A regular candybar handset at first glance, onlookers would look on in awe as its keypad transformed into music controls, right in front of their eyes.

Well, we say transformed – built-in LEDs which normally lit up the number keys would turn off, revealing music controls instead. Not exactly witchcraft then, but impressive and different nonetheless.

Motorola Aura (2008)

The Aura is to the V70 what Gyrados is to Magikarp – essentially an evolution in which the end product is exponentially better than the original.

While the circular screen and swivel design remained more or less the same, it’s the build quality and materials used which made the Aura an incredibly desirable piece of pocketable art.

The screen itself had a ridiculously pixel-packed 300ppi count, and was slathered in 62-carat sapphire crystal, one of the toughest materials around, meaning that nothing short of a diamond could ruin its day.

The swivel mechanism too, was a remarkable feat of engineering, featuring 200 individual parts including 130 ball bearings and steel gears coated with tungsten carbon carbide – the same stuff used in high performance racing engines.

Sadly the rest of the Aura’s specs left little to be desired, with a slow EDGE connection and 2MP camera letting down the tech side of things.

Still, with looks like that, we’d happily still rock the Aura today (if it didn’t still cost upwards of £500 on eBay, that is).

Motorola ZN5 (2008)

In a techosphere of 8MP camera phones, the 5MP camera on the ZN5 sounded like it was lacking enough oomph to compete at the time, but its compact camera-like design, Xenon flash and Kodak software imaging smarts made the ZN5 stand out to the very first smartphone photography enthusiast.

With a manual lens cover to protect it from scratches, and a protrusion for the lens itself (not unlike modern smartphones, albeit far bulkier), the ZN5 was ideal for pretending you were making calls on a camera – a niche role, we admit.

Motorola Atrix 4G (2011)

The Atrix was the first smartphone to land with a fingerprint scanner – though it was a million miles away from the snappy insta-scanners found in the likes of the modern iPhone 6s, Samsung Galaxy S7 and HTC 10.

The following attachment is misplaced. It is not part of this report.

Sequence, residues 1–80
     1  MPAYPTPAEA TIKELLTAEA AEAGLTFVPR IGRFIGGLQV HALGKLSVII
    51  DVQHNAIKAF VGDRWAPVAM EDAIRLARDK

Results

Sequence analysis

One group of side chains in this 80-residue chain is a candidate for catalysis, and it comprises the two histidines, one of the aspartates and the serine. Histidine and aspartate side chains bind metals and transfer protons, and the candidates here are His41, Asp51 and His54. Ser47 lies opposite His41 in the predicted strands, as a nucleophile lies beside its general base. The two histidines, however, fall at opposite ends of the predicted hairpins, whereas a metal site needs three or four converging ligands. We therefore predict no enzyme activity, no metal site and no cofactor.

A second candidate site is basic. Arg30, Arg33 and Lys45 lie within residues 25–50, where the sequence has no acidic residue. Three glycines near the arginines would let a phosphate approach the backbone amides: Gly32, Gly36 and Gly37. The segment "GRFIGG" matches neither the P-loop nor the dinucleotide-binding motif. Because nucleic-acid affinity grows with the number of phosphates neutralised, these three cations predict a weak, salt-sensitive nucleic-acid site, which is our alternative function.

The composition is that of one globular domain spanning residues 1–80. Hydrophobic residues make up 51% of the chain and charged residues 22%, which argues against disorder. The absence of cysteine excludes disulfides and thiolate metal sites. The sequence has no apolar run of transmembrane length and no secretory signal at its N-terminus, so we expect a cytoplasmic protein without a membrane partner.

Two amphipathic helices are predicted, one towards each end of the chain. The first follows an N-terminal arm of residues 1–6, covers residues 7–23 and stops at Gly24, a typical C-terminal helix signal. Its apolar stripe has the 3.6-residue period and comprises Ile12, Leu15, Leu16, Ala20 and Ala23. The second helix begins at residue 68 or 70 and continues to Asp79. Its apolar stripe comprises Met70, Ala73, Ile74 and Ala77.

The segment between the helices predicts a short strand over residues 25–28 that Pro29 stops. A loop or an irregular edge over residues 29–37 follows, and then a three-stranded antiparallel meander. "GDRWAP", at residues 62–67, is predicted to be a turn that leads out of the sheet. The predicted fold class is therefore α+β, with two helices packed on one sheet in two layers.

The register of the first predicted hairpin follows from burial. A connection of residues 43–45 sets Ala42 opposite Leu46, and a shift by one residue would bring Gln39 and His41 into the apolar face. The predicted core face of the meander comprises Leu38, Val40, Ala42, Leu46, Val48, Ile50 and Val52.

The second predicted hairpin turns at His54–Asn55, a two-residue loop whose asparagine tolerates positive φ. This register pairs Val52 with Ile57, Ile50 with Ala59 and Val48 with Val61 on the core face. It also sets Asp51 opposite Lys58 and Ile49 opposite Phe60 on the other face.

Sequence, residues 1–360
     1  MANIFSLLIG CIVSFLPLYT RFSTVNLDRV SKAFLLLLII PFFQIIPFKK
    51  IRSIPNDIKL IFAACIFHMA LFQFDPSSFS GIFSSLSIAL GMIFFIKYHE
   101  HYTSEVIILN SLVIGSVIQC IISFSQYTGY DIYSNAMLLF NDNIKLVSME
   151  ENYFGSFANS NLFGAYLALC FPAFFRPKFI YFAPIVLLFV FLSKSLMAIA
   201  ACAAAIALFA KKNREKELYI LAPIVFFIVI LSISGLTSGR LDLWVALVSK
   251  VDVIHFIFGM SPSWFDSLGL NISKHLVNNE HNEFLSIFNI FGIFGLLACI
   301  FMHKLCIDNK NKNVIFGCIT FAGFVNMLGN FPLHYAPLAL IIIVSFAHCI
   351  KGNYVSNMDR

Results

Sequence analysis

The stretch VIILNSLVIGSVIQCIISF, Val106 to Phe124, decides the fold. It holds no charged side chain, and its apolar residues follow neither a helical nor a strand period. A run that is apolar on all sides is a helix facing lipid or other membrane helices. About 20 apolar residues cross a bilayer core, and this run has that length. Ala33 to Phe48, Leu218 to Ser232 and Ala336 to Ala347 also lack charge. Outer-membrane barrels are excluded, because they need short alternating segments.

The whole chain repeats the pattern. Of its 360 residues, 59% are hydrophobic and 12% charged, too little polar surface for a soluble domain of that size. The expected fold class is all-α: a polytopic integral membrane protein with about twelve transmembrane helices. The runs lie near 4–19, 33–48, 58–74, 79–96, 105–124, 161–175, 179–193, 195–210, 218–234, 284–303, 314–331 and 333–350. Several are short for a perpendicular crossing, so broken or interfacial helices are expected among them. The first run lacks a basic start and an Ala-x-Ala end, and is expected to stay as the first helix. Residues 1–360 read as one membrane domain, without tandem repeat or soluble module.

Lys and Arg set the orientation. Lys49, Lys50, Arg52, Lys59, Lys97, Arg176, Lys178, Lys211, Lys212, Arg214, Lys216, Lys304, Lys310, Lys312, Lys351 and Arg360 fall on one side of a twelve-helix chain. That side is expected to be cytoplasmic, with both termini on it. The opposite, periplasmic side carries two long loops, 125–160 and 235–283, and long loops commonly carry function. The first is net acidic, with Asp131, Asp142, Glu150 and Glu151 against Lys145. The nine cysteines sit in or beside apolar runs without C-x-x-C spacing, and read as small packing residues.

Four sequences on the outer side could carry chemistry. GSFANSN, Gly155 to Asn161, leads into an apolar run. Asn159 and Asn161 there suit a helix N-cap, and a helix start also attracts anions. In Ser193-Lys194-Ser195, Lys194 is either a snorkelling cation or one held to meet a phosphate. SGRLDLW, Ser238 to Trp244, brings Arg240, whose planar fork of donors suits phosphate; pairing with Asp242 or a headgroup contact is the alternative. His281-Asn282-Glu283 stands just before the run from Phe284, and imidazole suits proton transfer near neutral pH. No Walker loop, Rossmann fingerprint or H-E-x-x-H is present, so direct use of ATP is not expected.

Aside from nippy internals, Motorola also released the Lapdock, which was essentially a dock with a built-in screen and keyboard, in the guise of a laptop, which turned the Atrix into a pocketable PC. In theory anyway.

Sadly, while the idea was excellent, the technology just wasn’t up to scratch. Ahead of its time, we’re only now seeing more workable versions of the same idea, in the form of Microsoft’s Continuum feature for handsets running Windows 10.

Moto G (2013)

Released while Motorola was under Google’s ownership, the first-gen Moto G was originally destined for emerging markets. It only supported 3G networks, because LTE still carried a price premium at the time, but otherwise delivered well-rounded hardware at a low price. It was that combination that made it a hit everywhere, not just in Mexico and Brazil where handsets were flying off the shelves. It would go on to become Motorola’s best-selling smartphone ever.

It makes this list for creating a trend for affordable yet capable smartphones, at a time when genuinely cheap models were unbearably slow and there was a big price jump to more premium handsets. It spawned multiple sequels, but none would ever prove as popular as this.

Moto Z (2016)

The days of mad designs and phone experimentation were largely over by 2016. The rectangular slabs that saturated phone shops were all considerably duller than the ‘throw everything at a wall and see what sticks’ era of the 90s and early noughties.

Still, that didn’t stop Motorola doing its best to stand out. Now under the umbrella of Lenovo, the next handset to bear the Moto name was the Z – a ridiculously svelte 5.6mm handset that’s so thin, there wasn’t even space for a headphone port – you needed a special adapter if you want to rock wired cans. We didn’t know it at the time, but this would go on to be a trend across the phone world.

While it had the specs and screen you’d expect to see in a 2016 flagship, it managed to stand out with its magnetically attachable rear modules, which could enhance it with speakers or a projector (yes, really).

Razr (2020)

Seeing how Motorola kicked off the folding phone trend, it seems only right that it would return for another go around now that foldable displays are a thing. The 2020 Razr took design inspiration from the 2004 classic, rather than simply borrowing the name and emulating other folding flagships like the Samsung Galaxy Fold.

That meant a truly pocket-sized clamshell that opened out to reveal a 6.2in ​​display. A second screen on the outside was another tribute to the OG Razr, only this one was interactive and could be used as a camera viewfinder. Ultimately the combination of mid-range spec and top-end price meant it saw limited commercial success, but would again create a trend for clamshell-style folding phones that other firms would eventually follow.